Tasting Tuscany: Tuna, Beans, EVOO, Chianti, Vermentino #ItalianFWT

Tuscany: Olive oil. Bread. Beans. Wine. And tuna?

Tuscany is synonymous for many with CHIANTI — the red wine made famous by the straw bottle that helped it travel here after many World War and other US Veterans grew fond.

While most Americans think of Italian cuisine as being all about pasta, Tuscans are actually known as the “bean eaters” by other Italians. Traditional, Tuscan farmers cooked their beans overnight by placing a glass jar in the embers of their fire — and by morning the beans would be cooked!

This month we’re joining the Italian Food Wine Travel group of wine writers in taking on wines of Tuscany, and we’re starting with olive oil, moving through several Tuscan tastes, and completing the picture with a high end Chianti and an affordable Vermentino.

MENU and WINE

We wanted foods that would showcase the Castello Di Brolio Barone Ricasoli Olive Oil and their Chianti Classico. When I realized how well the meal would go with a Vermentino sample I had from Tuscany, we added the Calasole – Vermentino – Maremma Toscana Rocca Di Montemassi to our evening.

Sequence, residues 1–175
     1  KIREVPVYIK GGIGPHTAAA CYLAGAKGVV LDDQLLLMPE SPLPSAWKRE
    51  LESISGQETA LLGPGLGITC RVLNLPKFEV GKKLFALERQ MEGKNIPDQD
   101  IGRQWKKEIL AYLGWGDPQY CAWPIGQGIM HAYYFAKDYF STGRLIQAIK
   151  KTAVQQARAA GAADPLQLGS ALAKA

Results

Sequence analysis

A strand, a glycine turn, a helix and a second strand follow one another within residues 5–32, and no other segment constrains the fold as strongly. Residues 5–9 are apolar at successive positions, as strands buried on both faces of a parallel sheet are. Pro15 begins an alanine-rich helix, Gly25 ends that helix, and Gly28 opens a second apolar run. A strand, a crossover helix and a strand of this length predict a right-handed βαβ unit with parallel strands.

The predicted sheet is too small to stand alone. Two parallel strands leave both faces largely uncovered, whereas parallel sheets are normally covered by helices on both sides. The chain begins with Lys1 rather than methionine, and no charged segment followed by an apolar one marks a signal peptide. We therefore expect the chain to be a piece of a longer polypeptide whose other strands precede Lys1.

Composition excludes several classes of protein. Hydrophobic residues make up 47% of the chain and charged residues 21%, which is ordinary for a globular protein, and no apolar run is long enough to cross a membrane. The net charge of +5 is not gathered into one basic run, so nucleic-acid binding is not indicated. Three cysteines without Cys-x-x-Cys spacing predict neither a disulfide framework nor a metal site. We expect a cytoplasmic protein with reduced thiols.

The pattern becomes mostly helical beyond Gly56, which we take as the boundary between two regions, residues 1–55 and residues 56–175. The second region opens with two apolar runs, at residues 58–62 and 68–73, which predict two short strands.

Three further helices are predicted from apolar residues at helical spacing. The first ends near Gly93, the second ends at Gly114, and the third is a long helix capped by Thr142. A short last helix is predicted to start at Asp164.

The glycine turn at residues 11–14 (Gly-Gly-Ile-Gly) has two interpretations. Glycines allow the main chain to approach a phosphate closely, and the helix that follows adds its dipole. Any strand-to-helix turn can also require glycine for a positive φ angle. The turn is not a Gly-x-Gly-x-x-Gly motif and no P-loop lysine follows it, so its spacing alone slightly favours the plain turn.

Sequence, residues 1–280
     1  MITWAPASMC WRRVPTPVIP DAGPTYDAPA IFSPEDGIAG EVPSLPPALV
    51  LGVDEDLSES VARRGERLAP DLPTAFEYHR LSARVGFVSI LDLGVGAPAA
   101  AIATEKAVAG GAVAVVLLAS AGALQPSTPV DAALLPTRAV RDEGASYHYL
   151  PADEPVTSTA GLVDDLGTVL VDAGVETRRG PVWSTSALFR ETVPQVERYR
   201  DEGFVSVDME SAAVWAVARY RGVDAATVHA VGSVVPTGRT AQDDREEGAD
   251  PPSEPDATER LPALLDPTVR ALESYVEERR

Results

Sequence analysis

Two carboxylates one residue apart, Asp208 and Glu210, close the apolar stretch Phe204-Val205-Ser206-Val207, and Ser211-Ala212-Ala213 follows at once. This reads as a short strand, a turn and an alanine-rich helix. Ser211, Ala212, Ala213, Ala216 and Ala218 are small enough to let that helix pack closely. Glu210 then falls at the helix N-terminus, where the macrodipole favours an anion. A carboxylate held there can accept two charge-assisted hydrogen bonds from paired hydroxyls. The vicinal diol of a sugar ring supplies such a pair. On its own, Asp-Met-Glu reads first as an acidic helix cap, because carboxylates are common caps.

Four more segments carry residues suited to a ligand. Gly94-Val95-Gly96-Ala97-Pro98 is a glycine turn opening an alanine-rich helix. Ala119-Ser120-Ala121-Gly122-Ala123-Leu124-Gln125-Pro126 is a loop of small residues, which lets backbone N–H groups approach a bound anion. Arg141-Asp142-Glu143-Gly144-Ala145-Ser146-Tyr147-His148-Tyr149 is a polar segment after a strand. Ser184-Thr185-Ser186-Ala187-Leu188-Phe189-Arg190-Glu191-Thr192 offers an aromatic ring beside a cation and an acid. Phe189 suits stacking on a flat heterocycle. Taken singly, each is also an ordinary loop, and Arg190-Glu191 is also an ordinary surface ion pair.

Once I learned that the Tuscans were known as the BEAN eaters, I knew we had to do something with beans. Fortunately for me, Sue was on the same page. This appetizer is so good and relatively simple– it deserves to be on the table on a regular basis whether you are doing Tuscan treats or not — and it works with red and white wine! Looking forward to doing this one again! I had a can of danelle beans in the cupboard but thought making them homemade in the instant pot would be better but Sue says not to go to the trouble — that canned ones offer added creaminess not easily achieved by home cooks.